Germans call this, more poetically than correctly (because it is really still part of the soon-to-be defunct „old“ year), „die Zeit zwischen den Jahren“, i.e. „the time between the years“, those days between the Christmas holidays and New Year when you take stock and count your blessings. I will opt out of this for this year, as I have decided that this time around I am not grateful. About the best thing I can say about this year is that it could have been worse.
On the face of it there are many things I could still be thankful for. The wife is neither dead nor, as she could have been with all the damage to her brain, imbecile, and there is even some progress with her recovery. So far the health care provider has coughed up nicely. I have a good job that pays for the still somewhat extragavant bills that are left, and I have a very sympathetic employer (so here is a really big shoutout to Idealo. This would be so much harder without your support). We still have friends. The dog is healthy. But still, no.
For one thing I have come to regard the phrase „it could be worse“ as a kind of threat, or a prelude to things actually getting worse (as in „An aneurysm? Well, things could be worse“). Some things will become worse – e.g. if the wife’s trach tube will be removed (which seems now possible within the next one or two years, and which by itself would be obviously a good thing) we will not longer qualify for 24 hours nursing service, even if she needs exactly the same level of care. We need to find a new and bigger home, and that will be expensive. And there is the long run – whith the money rushing out as it is there is no chance to build up a decent pension fund, so retirement will be no fun.
Secondly, and more important, until Siobhan has regained her voice I have to speak for both of us. No matter how bad the situation is for me, it is a lot worse for her. Siobhan used to be fairly active, kept herself busy and usually saw to it that she gave more to the world than she got back. Now she has had a year of fear and pain, is reduced to almost complete helplessness, cannot focus for any length of time and tires out quickly just from sitting in a wheelchair. There is no way to tell how much of this will be permanent, but it is certain that she will never fully recover and it is somewhat likely she will need care for the rest of her life. I will not do any proclamations of gratefulness up until the wife decides and communicates that, despite everything, there are still things to be grateful for.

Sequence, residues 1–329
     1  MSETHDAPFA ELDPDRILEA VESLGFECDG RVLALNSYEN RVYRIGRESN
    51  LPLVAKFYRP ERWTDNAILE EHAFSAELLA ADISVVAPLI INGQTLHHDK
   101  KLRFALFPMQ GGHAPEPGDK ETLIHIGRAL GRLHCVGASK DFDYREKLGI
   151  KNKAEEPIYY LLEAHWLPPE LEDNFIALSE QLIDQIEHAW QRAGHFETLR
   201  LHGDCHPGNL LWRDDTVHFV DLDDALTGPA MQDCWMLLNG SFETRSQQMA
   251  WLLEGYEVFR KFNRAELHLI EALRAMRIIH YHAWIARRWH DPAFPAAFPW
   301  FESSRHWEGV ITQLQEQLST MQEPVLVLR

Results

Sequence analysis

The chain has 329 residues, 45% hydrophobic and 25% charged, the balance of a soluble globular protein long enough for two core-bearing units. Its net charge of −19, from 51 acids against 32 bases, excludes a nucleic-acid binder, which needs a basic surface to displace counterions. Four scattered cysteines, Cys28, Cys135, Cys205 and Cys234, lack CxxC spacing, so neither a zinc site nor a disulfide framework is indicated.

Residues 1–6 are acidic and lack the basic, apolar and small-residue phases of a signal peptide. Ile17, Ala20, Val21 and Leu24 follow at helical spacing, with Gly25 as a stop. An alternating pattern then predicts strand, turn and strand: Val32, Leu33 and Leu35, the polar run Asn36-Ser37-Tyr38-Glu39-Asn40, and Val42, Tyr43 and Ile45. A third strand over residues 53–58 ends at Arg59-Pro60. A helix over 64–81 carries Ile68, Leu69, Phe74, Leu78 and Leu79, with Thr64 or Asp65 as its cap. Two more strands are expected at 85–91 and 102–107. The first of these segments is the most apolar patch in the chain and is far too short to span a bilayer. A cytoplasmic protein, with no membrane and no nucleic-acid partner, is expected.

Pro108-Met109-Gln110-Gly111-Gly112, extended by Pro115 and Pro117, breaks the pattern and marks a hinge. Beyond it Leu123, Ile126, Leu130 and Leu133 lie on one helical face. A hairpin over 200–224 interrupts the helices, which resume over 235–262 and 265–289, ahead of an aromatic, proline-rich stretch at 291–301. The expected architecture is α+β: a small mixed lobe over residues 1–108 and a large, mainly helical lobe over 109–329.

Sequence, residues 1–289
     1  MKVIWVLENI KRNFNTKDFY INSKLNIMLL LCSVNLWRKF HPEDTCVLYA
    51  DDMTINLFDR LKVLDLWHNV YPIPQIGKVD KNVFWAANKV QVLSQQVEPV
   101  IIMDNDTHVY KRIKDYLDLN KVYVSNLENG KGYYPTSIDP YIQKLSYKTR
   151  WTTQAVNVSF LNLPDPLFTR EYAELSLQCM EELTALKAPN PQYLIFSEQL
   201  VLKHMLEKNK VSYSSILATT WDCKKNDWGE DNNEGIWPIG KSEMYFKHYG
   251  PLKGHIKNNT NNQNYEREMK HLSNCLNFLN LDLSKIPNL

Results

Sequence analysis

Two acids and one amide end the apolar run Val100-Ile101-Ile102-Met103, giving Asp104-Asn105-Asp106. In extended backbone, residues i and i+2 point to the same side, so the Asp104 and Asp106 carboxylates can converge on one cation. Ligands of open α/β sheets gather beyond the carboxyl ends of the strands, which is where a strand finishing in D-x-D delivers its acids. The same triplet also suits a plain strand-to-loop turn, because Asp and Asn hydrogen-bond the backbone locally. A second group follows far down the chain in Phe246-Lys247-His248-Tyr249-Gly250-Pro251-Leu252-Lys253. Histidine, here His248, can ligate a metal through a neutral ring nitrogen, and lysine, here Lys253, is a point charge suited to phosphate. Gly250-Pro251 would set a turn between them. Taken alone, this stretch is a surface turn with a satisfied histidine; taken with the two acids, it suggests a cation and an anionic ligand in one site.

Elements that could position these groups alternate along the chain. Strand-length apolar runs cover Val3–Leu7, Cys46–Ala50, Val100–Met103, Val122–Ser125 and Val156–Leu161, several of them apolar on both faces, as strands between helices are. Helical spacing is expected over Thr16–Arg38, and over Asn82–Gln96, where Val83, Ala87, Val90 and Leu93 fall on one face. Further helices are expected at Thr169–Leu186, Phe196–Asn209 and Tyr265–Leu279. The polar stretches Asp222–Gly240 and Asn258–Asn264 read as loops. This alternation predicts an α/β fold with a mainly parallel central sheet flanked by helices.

Finally, not being grateful is a matter of a somewhat weird pride – „weird“, because pride usually requires that you stand up against somebody, and this time there is nobody on the receiving side. After all, to whom do you complain about a stroke? But the wife suffers, maybe permanently, our life is destroyed, our plans for the future are shattered. If we are not allowed to complain about that, if we are still being asked to be grateful for what’s left, then that raises the question at what point things would be finally shitty enough for us to be allowed not be grateful anymore.
The best thing I can say about this year is not that things could be worse. I still manage to make the wife smile. Sometimes she strokes my hair when I am sad, and sometimes she rolls over, so she can hold me in her good arm.
The best thing I can say about this year is that we have a marriage than can even survive an unmitigated catastrophe like this, and we owe that to no one, no one but ourselves.
Fireworks have started. The time between the years is over.
Happy new year.